2. Mental. The Doctor describes our state of mind when we are not drinking as "restless, irritable and discontent". I need to relate to that and discuss with my sponsor. Looking back I was always jumpy, irritable, never content with where I was, who I was with, what I was doing. My mind would race about. I was judgmental, intolerant, inpatient. I would carry round guilt and shame and a fear of the unknown because I wouldn't always know what I have done. Only way I knew to remove all this unpleasantness and get any relief was to have a drink. A drink would instantly remove any nervous tension I could feel in my stomach. I became obsessed with drink, I developed a mental obsession and believed drink would resolve any problem I had.

That's not all with this step. We are told that our lives had become unmanageable. Read Bills Story to relate how an unmanageable life can result from alcoholism. My sponsor gave me 20 questions all based around my life and unmanageability. This was the start of my two way open and honest dialogue with my sponsor. Through the questions I could see how my addictive behavior had impacted on most aspects of my life and the people around me. How I had not managed relationships very well, how I had not been able to manage my work life and colleagues effectively, how I had mismanaged my personal finances. How I couldn't tell the truth if it bit me in the arse. Lying became an habit not just about how much I was drinking but about little irrelevant things and how one little lie can grow out of control very quickly.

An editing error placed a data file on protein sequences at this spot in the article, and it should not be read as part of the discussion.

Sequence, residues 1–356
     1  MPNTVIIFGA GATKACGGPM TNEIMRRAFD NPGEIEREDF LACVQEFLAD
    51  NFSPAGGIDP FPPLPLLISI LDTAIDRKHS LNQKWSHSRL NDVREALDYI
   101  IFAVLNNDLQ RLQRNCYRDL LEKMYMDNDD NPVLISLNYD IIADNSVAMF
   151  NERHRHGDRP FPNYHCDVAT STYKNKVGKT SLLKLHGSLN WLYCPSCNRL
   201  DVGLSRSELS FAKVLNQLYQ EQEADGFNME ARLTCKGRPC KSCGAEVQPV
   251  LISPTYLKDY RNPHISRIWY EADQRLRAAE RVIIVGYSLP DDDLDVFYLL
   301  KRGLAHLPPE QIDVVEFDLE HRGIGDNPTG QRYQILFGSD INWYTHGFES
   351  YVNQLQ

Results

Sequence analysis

So for Step One I have to "fully concede to my innermost self that I am alcoholic". That wasn't difficult for me. The step was all about understanding why and relating this to my life experience.

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PaigeB
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Re: Step One - Keep it Simple

Post by PaigeB » Thu Dec 27, 2018 2:13 pm

"fully concede to my innermost self that I am alcoholic".
From Chapter 3, More about Alcoholism - page 30 of the Big Book.